Alexei's "Tatar nature" however has led him to see gambling as an alternative means of acquiring wealth and happiness and earn the respect of Polina. "Money is everything", he tells her, "You would see me differently. Not as a slave". But he has exhausted the savings of his salary and lost the huge sum of 6,000 guilders playing roulette at the casino. The General is worried at the instability and lack of rational behaviour that Alexei exhibits, and has to apologise on his behalf to try and prevent a duel with Baron Wurmerhelm when the tutor calculatedly goes out of his way to insult the Baroness.

The General however is soon rather more concerned about equally reckless behaviour that threatens to undermine his own financial prospects and his marriage to his fiancée Blanche. He has been depending on an inheritance from his grandmother, Babulenka, who he has told Blanche is at death's door, but the old lady has turned up in town and is gambling and losing every last crown of his future inheritance at the casino.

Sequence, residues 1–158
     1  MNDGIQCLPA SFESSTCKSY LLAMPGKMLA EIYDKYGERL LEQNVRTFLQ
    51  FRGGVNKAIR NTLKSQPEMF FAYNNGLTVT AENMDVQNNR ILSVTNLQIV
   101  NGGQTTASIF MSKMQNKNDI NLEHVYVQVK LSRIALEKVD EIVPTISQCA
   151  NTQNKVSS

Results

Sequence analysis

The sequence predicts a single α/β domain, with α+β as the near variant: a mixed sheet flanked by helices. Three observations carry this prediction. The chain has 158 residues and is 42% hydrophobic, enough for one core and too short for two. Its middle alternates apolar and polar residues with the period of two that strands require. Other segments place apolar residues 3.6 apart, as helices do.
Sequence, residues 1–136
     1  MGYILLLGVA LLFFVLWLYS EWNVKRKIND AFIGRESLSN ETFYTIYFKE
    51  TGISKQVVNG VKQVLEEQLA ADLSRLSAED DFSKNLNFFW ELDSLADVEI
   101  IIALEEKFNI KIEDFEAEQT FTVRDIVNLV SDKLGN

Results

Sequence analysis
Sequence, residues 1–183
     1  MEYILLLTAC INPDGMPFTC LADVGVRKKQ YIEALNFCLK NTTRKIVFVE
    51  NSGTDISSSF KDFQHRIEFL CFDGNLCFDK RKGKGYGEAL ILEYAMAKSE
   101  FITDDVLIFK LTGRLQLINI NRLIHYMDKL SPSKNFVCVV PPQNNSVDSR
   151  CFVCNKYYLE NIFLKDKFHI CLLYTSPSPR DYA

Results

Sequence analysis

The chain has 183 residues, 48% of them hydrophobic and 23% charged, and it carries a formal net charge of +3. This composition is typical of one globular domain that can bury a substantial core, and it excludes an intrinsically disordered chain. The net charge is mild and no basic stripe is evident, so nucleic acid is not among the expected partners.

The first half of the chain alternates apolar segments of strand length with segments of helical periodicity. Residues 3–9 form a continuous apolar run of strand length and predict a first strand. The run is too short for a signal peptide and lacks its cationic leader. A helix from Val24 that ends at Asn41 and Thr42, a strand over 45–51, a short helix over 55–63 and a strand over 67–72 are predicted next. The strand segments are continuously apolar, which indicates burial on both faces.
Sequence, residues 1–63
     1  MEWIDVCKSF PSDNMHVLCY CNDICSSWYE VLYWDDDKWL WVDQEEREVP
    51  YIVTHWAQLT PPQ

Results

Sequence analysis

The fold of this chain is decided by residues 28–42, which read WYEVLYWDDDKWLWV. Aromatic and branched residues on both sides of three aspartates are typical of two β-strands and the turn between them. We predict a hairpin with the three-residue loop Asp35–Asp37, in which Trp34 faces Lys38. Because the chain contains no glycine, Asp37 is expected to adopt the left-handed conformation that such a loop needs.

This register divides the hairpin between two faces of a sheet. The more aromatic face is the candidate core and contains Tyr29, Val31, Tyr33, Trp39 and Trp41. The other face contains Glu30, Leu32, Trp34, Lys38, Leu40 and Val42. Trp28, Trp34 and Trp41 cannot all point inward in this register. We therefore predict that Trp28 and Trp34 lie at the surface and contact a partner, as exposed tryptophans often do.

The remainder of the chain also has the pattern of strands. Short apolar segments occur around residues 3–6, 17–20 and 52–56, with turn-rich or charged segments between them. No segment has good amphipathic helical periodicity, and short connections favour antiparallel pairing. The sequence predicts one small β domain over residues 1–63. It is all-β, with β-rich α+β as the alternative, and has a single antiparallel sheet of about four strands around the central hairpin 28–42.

The Gambler, like Pushkin's Queen of Spades, like Tolstoy's Pierre in War and Peace (and Tolstoy's own early life of aristocratic dissolution and gambling debts) deals very much with that self-destructive tendency in the Russian nature to throw oneself at the hands of fate where the stakes are winning all or losing everything. There's no half-measures. There's a self-contradiction in the position of Alexei who has ambitions towards acceptance and respectability in this society and also in the General who values honour and reputation. It seems that there is also a certain amount of concern about keeping up such appearances and measuring up to their international neighbours, with Germans, French ad English all present in this setting.